While most of the food wasted comes from our fridges, cutting at-home food waste levels is a thorny problem.

A new observational study from the Silestone Institute has found around 30% of Spanish households ‘need to improve their practices to reduce food waste’ at home.

While Silestone researchers note ‘is not easy to quantify’, they have been able to estimate the risk of household wastage by analysing purchase, handling and consumption habits gathered through a household survey.

Nearly 30% of the people surveyed need to improve their habits and practices to reduce wastage in their households, according to survey designer Maite Pelayo, a microbiologist specializing in food safety and technical spokesperson for the Silestone Institute. People in this group were twelve times more likely to throw leftover food in the trash (14.5%) than those in the low wastage group (1.2%).

A recent workshop organised by the Silestone Institute flagged that fresh produce is the category most at-risk of waste. Dr. Alejandro Bonetti, Deputy Director of the Mediterranean Diet and Healthy Life programme at the Royal Academy of Medicine and Surgery of Eastern Andalusia, Ceuta and Melilla (RAMAO), noted: "About 50% of the products that are wasted correspond to the Mediterranean Diet. Specifically, 33% fruit and 14% vegetables. With this waste we are contributing to wasting and throwing away essential elements of the Mediterranean Diet."

The good news is that 70% of respondents in the Silestone study fell into this low wastage grouping. So what can be learned from their habits to cut household food waste? Silestone researchers were able to assess what strategies proved successful for food waste reduction at home and make recommendations for behavioural change.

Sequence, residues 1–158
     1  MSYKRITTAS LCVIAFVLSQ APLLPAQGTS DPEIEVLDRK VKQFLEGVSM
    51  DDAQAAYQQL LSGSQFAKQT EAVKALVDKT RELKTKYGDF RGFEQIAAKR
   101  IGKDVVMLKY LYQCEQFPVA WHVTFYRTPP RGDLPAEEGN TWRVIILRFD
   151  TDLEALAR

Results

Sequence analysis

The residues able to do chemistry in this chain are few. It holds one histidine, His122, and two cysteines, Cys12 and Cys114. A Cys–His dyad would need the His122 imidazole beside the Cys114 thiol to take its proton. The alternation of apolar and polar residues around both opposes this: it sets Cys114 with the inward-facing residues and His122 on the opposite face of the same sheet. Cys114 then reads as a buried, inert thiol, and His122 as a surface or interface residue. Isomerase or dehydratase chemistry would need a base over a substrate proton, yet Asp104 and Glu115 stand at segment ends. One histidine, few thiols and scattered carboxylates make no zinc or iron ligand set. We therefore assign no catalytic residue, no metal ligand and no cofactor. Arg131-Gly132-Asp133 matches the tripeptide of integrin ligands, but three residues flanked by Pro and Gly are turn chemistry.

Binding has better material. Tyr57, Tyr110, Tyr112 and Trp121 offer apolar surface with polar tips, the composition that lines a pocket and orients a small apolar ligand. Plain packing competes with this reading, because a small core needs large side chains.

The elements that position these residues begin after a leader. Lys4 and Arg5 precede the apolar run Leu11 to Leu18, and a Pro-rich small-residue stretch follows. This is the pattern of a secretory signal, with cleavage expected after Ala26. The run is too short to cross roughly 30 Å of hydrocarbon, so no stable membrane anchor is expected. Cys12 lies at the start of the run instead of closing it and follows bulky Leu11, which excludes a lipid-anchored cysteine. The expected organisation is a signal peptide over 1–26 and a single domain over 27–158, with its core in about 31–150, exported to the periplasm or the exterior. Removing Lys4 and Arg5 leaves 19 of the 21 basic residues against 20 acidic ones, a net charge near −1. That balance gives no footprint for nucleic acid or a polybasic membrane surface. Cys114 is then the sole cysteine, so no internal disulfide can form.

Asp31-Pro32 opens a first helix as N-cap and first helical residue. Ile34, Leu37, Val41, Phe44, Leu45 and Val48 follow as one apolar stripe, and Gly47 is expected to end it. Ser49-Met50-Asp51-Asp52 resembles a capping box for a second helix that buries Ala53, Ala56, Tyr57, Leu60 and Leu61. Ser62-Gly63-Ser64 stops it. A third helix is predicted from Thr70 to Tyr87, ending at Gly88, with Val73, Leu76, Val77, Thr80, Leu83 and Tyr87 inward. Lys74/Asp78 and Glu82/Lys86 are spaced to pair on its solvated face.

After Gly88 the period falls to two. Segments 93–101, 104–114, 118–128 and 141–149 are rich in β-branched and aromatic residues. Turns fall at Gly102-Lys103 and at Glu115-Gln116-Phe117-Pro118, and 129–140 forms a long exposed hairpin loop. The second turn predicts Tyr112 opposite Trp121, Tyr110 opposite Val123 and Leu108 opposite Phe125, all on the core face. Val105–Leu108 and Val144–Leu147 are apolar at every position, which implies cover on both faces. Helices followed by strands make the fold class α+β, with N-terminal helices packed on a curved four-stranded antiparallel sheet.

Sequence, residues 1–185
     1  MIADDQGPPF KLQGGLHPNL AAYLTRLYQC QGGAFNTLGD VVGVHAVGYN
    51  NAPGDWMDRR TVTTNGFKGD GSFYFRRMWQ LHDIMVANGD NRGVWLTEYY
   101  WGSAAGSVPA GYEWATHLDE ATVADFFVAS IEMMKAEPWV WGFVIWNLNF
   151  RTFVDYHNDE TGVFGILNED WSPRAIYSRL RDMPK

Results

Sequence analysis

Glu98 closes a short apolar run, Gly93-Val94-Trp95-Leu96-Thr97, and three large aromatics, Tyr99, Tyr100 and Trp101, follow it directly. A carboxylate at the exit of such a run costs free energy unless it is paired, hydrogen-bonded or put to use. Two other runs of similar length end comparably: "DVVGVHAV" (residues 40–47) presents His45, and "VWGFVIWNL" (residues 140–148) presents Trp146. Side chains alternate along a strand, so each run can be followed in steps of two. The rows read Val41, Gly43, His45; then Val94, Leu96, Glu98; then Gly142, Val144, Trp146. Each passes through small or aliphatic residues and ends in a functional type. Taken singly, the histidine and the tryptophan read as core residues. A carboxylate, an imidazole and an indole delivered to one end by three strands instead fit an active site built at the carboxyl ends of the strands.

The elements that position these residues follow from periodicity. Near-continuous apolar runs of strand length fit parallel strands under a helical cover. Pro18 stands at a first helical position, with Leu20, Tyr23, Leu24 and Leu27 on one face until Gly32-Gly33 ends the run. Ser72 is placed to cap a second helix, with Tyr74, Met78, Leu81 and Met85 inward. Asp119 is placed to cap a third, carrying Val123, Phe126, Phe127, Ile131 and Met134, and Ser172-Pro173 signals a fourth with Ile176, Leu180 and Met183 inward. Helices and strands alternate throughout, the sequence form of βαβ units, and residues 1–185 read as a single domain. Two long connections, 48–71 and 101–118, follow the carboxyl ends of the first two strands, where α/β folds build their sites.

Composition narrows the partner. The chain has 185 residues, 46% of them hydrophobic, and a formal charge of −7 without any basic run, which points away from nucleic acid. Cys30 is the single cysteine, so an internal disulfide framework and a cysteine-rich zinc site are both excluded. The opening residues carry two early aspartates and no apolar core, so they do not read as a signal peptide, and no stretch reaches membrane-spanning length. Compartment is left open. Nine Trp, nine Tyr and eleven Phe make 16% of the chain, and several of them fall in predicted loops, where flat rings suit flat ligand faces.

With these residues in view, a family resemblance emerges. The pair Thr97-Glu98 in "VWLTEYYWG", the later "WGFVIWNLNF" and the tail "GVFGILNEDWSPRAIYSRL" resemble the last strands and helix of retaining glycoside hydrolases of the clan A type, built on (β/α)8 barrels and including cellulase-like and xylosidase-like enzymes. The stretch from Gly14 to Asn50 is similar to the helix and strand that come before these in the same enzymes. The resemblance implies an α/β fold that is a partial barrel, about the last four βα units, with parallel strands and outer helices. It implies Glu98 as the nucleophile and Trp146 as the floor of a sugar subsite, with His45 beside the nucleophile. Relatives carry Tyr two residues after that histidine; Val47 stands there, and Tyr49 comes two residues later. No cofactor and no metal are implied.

Good shopping habits identified include menu planning and list making as well as an awareness of purchase dates and avoiding breaking the cold chain. They recommend ordering food by date when storing it, checking food in the refrigerator and understanding the difference between best-before and use-by dates. The research found 20% of people didn’t understand this distinction. Managing leftovers and leaning on recipes that ‘make the most of food’ were also suggested.

“Some factors that can influence food wastage in the home are difficult to change,”​ for example place of purchase or frequency of shopping trips. “However, it is possible to influence the reduction of wastage by devoting efforts to training, awareness raising and information.”

Raising awareness of this global problem at a consumer level will be critical if food waste at home is to be brought down in Spain, the researchers believe. This should be coupled with training on planning, good practice for transport and storage, and information on food management, they suggested.

"Food waste is an ethical, socioeconomic and environmental problem that causes the loss of the value of food,"​ stressed the scientific spokesperson for the Silestone Institute, Mayte Pelayo. The focus moving forward must be on how to reduce it to a minimum, he insisted.